Artist to Artist: Vanessa Carlton x Angel Olsen

Artist to Artist: Vanessa Carlton x Angel Olsen

Artist to Artist: Vanessa Carlton x Angel Olsen

To celebrate our music issue, we're pairing up some of our favorite artists and letting them play interviewer for a change.

To celebrate our music issue, we're pairing up some of our favorite artists and letting them play interviewer for a change.

Styling: MATHIAS ROSENZWEIG

Today on our 'Artist to Artist' series, we're pairing up singer-songwriter Vanessa Carlton with her friend and confidant, Angel Olsen. At first glance, their lives might not look strikingly similar; Carlton rejiggered her solo career from one entangled with major labels to something independent years ago, while Olsen toured as a backup singer before making it on her own. But the points at which their two paths overlap are telling. In some cases, these intersections have to do with shared difficulties as not just musicians, but humans. In others, they're just high and talking about their pets. Read about it below, and make sure to check out Carlton's recents covers, here, here and here.

Vanessa Carlton: I was going back and trying to think about how we met, and I think it’s…it’s interesting because, in this age of social media and particularly Instagram, I’ve met some really wonderful people and artists there. But if I think about it, I realize that we really kind of met because of pot and Sharon Van Etten.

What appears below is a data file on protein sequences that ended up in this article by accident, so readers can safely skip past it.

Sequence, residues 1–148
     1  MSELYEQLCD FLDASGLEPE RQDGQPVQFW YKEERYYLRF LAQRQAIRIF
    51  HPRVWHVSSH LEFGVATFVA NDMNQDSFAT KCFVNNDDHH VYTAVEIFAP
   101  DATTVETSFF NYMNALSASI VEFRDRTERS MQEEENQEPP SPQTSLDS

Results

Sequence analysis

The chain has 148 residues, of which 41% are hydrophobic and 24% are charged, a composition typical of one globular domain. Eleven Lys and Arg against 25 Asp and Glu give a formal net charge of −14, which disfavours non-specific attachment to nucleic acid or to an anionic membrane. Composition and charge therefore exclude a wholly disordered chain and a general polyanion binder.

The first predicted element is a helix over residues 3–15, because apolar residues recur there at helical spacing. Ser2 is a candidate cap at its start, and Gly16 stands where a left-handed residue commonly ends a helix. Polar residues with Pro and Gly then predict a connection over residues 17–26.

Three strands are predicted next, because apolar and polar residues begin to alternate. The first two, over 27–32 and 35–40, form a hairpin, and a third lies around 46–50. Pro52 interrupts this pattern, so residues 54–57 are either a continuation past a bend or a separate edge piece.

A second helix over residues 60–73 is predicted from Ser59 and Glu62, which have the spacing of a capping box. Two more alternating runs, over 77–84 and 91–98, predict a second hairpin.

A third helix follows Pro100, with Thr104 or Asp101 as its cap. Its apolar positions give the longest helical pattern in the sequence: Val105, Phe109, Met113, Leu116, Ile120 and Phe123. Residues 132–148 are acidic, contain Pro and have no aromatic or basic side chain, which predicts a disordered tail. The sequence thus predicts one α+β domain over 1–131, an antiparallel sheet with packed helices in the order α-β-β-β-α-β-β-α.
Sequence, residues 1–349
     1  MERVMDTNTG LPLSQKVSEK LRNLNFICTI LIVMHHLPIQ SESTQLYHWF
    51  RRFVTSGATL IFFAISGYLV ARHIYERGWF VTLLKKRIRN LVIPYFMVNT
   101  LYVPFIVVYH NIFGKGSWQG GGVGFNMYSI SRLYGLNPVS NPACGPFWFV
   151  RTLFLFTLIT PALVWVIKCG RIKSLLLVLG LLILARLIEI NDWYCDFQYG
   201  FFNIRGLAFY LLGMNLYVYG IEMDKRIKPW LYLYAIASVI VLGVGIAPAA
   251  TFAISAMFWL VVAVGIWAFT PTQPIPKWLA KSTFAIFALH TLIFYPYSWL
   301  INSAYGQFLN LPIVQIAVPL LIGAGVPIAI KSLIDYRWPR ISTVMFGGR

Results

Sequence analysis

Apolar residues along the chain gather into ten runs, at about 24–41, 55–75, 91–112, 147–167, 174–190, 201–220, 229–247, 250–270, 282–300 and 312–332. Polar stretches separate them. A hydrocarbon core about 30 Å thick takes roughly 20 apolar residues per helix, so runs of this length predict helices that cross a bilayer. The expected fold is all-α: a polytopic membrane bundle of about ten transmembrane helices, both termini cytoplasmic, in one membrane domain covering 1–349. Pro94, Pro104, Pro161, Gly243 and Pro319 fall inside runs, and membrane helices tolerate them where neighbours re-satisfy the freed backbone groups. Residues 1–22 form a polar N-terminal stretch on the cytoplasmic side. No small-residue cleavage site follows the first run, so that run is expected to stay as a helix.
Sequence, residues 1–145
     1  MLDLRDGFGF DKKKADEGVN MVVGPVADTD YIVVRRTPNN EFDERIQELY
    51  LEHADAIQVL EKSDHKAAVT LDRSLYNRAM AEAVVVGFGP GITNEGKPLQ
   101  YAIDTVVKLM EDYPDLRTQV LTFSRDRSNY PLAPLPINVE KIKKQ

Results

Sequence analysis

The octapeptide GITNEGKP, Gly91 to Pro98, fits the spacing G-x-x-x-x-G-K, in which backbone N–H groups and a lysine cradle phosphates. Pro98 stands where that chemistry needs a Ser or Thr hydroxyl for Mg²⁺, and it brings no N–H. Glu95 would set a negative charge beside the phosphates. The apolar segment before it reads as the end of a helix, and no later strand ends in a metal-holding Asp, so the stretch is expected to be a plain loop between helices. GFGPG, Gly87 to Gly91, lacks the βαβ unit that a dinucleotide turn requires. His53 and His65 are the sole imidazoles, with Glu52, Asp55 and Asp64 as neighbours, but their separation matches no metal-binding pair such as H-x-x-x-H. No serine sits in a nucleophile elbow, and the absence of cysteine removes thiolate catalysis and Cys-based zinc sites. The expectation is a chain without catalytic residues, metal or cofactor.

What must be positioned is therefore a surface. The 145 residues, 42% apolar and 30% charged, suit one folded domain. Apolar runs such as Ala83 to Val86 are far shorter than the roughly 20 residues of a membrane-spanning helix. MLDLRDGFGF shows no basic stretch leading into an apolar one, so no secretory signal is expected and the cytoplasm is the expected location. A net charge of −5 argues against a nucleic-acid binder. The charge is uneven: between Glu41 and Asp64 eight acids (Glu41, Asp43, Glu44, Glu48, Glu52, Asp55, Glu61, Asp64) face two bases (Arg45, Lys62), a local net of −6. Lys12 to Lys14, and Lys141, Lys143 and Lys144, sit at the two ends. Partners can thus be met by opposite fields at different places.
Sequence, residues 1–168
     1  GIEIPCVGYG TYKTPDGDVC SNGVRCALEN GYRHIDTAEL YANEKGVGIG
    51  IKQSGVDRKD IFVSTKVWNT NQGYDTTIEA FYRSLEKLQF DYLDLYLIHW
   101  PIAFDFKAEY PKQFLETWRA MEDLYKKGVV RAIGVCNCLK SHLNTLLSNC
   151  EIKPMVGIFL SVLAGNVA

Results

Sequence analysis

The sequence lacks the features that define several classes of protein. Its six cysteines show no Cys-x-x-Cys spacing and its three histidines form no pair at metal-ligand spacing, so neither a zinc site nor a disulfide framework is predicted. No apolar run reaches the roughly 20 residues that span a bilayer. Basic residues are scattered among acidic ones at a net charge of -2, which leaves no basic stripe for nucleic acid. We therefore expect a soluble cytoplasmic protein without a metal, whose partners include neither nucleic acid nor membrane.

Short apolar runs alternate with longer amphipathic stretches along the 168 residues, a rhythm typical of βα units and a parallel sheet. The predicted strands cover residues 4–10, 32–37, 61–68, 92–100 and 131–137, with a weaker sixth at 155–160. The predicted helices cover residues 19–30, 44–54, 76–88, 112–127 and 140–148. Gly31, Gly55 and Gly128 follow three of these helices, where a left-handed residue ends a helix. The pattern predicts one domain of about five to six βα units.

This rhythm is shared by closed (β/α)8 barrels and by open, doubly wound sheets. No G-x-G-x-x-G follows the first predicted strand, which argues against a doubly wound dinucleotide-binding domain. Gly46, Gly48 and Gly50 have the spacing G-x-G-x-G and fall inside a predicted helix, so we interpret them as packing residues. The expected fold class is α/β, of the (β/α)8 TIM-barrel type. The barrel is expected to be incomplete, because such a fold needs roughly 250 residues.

[They both laugh]

VC: Right?

Angel Olsen: Yeah, definitely. I think that I was really impressed with video footage of you maybe having a blunt or something. I don’t remember. It was 4/20 maybe a year ago. I remember now because there were some dogs and I had just gotten my cat and you recommended that I get a little kitty shirt for my cat and I thought that was so cool. And I was so high when I got the message, ‘cause I showed everyone. I was like, “Well, Vanessa Carlton is sending me images of kitty shirts for my kitten.”

VC: [laughs] I mean, it’s what I do. It’s what I do. The thing with social media and particularly Instagram…I just love being able to see—it’s like the voyeur in all of us. What are the other, you know, musicians, writers, whoever…what are they doing?

AO: A sense of humor reveals so much about a person in those 30 seconds. You know what I mean? Like if you have a sense of humor in your social media, or just in life, it’s like this way of capturing who you are through it. I’ve made a few connections with other artists myself and I feel weird about it, but not that different than when I first met people in real life from like the internet in 2007. You know what I mean?

VC: Exactly.

AO: But yeah, I’ve been trying to have a conversation with you for a while, and we’ve both been super busy so I’m glad that someone else is taping it. I needed proof that it’s happening.

VC: Me, too. Well, you’ve been busier than me. Where are you?

AO: I’m in Barcelona right now. We have like a six-hour drive today, and I got some tacos when we got here and I watched that video by Donald Glover.

VC: Oh my god. Incredible.

AO: Yeah, incredible.

VC: So fucking good.

AO: Every time I go on tour, I just kind of zone into being present where I am, like Barcelona, Madrid, or some place like that. And I want to be present as much as possible. I’ll be on Instagram a percentage of the day. But for the most part, I’m trying to just be there, and so I don’t really keep track of the news or watch other artists. So at first when people were freaking out about it, I was like, “Oh, cool—another thing people are freaking out about.” But, no one said it’s political. You know? And if they had said something like, “It’s really intellectual and political,” I would probably have watched it right away actually without thinking about it.